Results

We’re very happy with how this new type of layout looks in our apps. Go check out Yahoo Food and Yahoo Tech to see double talls in action! And if you’re interested in working on problems like these, we’re looking for more front-end developers at Yahoo Media.

Code coverage for executable Node.js scripts

The YUI team at Yahoo is serious about automated testing. YUI is a foundational part of Yahoo websites, so it’s very important that we keep quality high. Our test automation system has ran over 31 million tests in the last 6 months across over a dozen challenging browser environments, with an average of over 188,000 tests ran every day.

We build programs with Node.js that help build and test YUI, such as the open-source Yeti, our unique test result viewer, and various small command-line utilities that assist every step of our automated testing. Of course, these test automation programs themselves have their own tests with high code coverage to ensure quality.

Yahoo’s Istanbul makes it very easy for your Node.js project to benefit from code coverage statistics—often as easy as adding istanbul test to your npm test script.

If you use Mocha, your package.json might look like this with Istanbul:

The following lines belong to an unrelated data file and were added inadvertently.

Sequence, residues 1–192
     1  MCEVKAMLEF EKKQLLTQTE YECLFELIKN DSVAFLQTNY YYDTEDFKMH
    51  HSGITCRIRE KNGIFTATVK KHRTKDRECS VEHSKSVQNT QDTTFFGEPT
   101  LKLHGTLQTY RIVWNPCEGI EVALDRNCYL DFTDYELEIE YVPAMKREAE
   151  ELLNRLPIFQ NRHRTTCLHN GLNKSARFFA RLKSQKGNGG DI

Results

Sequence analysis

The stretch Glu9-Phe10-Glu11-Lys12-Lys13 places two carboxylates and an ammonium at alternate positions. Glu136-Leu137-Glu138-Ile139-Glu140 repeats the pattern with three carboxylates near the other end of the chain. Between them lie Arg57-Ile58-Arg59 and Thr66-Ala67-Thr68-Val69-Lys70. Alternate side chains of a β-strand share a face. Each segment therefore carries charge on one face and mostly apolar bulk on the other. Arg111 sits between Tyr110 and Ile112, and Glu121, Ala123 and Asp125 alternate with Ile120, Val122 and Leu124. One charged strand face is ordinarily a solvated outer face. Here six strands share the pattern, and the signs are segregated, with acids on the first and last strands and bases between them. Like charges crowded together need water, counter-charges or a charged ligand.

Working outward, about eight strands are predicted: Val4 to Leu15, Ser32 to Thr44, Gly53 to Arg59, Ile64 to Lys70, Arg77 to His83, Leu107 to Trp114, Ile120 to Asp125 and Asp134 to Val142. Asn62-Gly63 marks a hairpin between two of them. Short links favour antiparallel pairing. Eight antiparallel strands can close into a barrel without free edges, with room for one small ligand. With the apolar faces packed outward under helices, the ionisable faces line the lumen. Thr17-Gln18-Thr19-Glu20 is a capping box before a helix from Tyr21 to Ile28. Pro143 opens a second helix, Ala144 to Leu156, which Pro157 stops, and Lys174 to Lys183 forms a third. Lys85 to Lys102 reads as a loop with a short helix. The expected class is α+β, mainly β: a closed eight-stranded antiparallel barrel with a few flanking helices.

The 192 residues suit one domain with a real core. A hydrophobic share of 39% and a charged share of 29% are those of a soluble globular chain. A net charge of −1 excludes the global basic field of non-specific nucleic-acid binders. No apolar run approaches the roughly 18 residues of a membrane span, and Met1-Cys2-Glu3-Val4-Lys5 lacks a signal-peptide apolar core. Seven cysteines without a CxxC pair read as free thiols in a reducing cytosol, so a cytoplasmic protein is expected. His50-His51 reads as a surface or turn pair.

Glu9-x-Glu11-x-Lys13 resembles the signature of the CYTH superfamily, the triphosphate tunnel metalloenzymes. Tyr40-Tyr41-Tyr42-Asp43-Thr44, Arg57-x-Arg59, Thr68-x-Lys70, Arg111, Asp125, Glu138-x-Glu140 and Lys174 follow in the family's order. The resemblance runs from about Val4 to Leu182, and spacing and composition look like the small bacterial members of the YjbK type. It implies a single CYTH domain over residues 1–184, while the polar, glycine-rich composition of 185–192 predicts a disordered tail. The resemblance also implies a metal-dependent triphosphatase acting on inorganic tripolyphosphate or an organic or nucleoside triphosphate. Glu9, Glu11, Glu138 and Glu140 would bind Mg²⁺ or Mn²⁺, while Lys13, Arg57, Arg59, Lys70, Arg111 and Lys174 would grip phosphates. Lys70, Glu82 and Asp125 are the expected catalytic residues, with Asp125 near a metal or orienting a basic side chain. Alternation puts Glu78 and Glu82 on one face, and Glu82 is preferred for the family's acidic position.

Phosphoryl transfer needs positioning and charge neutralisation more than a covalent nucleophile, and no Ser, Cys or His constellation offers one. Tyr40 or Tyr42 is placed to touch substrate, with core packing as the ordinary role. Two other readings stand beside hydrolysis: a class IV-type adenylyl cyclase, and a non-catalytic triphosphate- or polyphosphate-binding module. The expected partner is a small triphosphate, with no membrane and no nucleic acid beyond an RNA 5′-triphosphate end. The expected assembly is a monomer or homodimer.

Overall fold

{
  "name": "my-awesome-lib",
  "version": "1.0",
  "bin": "bin.js",
  "script": {
    "test": "istanbul test _mocha"
  },
  "devDependencies": {
    "chai": "~1.8.1",
    "istanbul": "~0.2.4",
    "mocha": "~1.17.1"
  }
}

Using npm test simply runs _mocha, but npm test --coverage will output handy coverage information with on-the-fly instrumentation.

> npm test --coverage

> mock-utf8-stream@0.1.0 test /Users/reid/Development/mock-utf8-stream
> istanbul test _mocha


  ...........

  11 passing (18ms)

=============================================================================
Writing coverage object [/Users/reid/Development/mock-utf8-stream/coverage/coverage.json]
Writing coverage reports at [/Users/reid/Development/mock-utf8-stream/coverage]
=============================================================================

=============================== Coverage summary ===============================
Statements   : 92% ( 46/50 )
Branches     : 75% ( 9/12 )
Functions    : 100% ( 10/10 )
Lines        : 92% ( 46/50 )
================================================================================

You also get nice HTML reports (example) that let you know exactly what code you’re testing.

It’s great. You should really use Istanbul.

Why _mocha?

Normally you’d run mocha to run Mocha tests, but astute observers may have noticed that my package.json uses _mocha instead. That’s because mocha is merely a small wrapper script that starts the real test script, _mocha. Since Istanbul works by hooking into Node’s module loader, it has no influence on the _mocha subprocess. So, we call _mocha directly, which works fine for the purposes of npm-test(1).